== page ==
“Dusty” and “Galloway” certainly grew to be rambunctious, fluffy colts. They were a delight to watch grow. Around Christmas, together they headed up toward Oklahoma to charm a big Indian family with extended families of youngsters. The following years, Ruby and Dee returned to their uneventful, nocturnal traditions of foaling leaving me to still hover through the night while they just went through motions like pioneers.
To some, it may not seem like much. But for me, Ruby, Dee, Dusty and Galloway were just a few pretty little horses that God used to express His love for me in a special way and provide a tangible, lovely reminder. God certainly used a horse. ><>
God Used a Horse
Rebekah L. Holt
At this present stage of life, my every day is not orbiting the horse circuit. Like many adults, my course is filled with responsibilities and much unlooked for change, change, change that are all in accord with the Sovereignty of God. There have been times I have even so much as declared myself as a "has been" when thinking of my present equestrian endeavors.
Yet, while typing at this keyboard, I can still see the mellowing scars of yesteryears moving rhythmatically with motioning knuckles. Tributes to adventures of working horses. These hands themselves could tell various stories to match the various scars of both service and stupidity!
It has been a time of recounting the years horses have been a part of my life. Though horses are by no means “a thing of the past”, reminiscing of a very equidae immersed period in my life has brought to mind the many lessons I have learn. Most of those lessons, the Lord has used the horse as a catalyst to draw me closer to Himself. Just as many medicines require a “spoon full of sugar” to go down pleasantly, I think the Lord used horses as an agent to sweeten some of the lessons He has been teaching me.
I have often expressed that if Creation leads to Christ, then horses can be an instrument of the Lord to teach us of Himself. It is true! God uses the things we love to draw us with a magnetic attraction to Himself! The Lord also prepared the very gifts He gives to captivate us and to reflect the character, nature and goodness of our Creator and Giver in a way we can "take home" or digest. As Scripture simplifies it, "Go to the ant." Creation does declare the glory of God and we have much to learn from it!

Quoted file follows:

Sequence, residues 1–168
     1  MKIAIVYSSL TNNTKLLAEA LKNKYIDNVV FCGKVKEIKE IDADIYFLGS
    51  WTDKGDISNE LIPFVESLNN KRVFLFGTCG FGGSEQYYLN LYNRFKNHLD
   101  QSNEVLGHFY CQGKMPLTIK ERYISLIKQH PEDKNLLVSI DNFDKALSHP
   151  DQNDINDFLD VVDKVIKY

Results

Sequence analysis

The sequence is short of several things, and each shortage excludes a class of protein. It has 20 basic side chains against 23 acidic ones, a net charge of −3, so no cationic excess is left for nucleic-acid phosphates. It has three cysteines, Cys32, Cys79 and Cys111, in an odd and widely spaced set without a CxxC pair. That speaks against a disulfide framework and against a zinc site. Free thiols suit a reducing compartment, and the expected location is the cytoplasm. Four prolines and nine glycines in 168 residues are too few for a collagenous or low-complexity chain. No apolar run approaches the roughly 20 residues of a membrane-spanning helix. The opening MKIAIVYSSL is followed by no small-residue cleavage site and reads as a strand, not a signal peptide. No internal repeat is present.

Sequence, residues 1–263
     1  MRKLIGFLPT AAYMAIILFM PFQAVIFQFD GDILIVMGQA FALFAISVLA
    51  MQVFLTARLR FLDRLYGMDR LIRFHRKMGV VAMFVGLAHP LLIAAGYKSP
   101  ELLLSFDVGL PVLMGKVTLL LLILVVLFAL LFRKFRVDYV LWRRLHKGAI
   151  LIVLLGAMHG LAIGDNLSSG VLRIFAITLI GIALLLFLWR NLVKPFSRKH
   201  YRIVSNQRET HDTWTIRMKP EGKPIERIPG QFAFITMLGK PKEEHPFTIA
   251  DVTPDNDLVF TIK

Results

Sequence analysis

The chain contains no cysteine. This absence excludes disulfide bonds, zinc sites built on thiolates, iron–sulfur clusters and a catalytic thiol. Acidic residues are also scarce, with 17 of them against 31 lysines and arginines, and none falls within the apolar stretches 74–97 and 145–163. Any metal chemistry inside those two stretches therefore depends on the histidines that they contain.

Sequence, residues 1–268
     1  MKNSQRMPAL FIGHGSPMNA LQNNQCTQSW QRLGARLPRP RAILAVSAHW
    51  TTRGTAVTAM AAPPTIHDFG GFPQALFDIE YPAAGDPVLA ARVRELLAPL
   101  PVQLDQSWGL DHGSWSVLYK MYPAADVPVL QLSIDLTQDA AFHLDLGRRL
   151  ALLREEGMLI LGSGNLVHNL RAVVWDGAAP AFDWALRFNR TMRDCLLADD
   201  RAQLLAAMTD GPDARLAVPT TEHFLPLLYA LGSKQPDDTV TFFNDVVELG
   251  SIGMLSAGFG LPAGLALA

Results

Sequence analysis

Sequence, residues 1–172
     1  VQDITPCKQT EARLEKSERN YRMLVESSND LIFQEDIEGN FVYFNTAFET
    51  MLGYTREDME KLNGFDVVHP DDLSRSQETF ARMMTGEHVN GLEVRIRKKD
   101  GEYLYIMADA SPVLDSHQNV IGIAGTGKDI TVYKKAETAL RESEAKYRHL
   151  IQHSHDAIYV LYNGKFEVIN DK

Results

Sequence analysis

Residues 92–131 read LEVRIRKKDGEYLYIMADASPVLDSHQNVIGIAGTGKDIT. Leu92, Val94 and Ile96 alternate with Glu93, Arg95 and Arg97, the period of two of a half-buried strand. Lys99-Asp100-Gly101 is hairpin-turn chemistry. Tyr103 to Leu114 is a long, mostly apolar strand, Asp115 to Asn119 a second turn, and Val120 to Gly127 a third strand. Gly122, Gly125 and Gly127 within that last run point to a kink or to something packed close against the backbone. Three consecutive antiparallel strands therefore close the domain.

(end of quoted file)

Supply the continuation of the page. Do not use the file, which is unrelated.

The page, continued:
Thinking over how the Lord has used horses in my life, it has been a growing desire to write down some of the stories and recount the many blessings of a very unique opportunity the Lord allowed me. I hope you will enjoy this journey...
1# As a type of "introduction" to this series, I dusted the cobwebs off this this old little story written for children. For some of you, this is old, repeat material and you'll smell the mothballs! This was written when I was 21--the very year eQuest For Truth began!
Created To Love Horses: A Life Not By Chance
Rebekah L. Holt
In the beginning, when God created all things in just six days, He thought about you and me. He made the universe, the earth, and all living things—the animals and the first man, Adam, and woman, Eve—so one day we could enjoy life.
The Creator has made each of us for a special purpose. Before you or I were born, He already knew what He had planned for our lives.
Let’s look through my scrapbook. It records The Creator’s unfolding blue print—a Master Plan—for my life.
When I was just a small baby in my mother’s womb, my parents didn’t know what I would grow up to be. My grandparents wondered whether I’d be another boy. My older brothers hoped I’d like trucks, frogs, and Lego blocks.
Only The Creator knew what I was made for. He created me to love horses.
My love for horses started early. I was only a toddler with a sunbonnet and lacey dress when I stole away to sit on my family’s backyard pony. My mother was frantic, but “Sugar Plum” lay fast asleep, stretched in the warm Spring sunshine. I waved a dimpled hand to the slumbering pony while Mom carried me to safety.
As I grew, my parents taught me that The Creator wanted me to know Him. They read the Bible to me. I learned about God’s perfect creation at the very beginning of time. Then we read about Adam and Eve’s sin in the Garden of Eden. Their sin caused bad things in the world to begin happening. People, animals, and all creation started to grow old and die. Aches and pains were caused by sin too.
As my parents and I talked about pain and suffering, I recalled crying when old Doc, my brother’s horse, kicked me. That was very painful! My leg throbbed so badly; I thought it would fall off.
Then Mom and Dad told me about Jesus Christ. “God does not want us to stay sinful. He does not like us to suffer or experience pain. That’s why He sent His only Son, Jesus Christ. Jesus suffered for all man’s sin on the cross and rose from the dead that every sin—yours and mine—could be forgiven. When we ask forgiveness for our sins and ask Jesus to be our Savior, God promises in the Bible that we will one day live with Him in Heaven, far away from death, pain and suffering.”
I wanted to know Jesus Christ and live with Him in Heaven. My parents prayed with me as I asked Jesus to be my Savior and forgive my sins. I was just six years old when I became a Christian.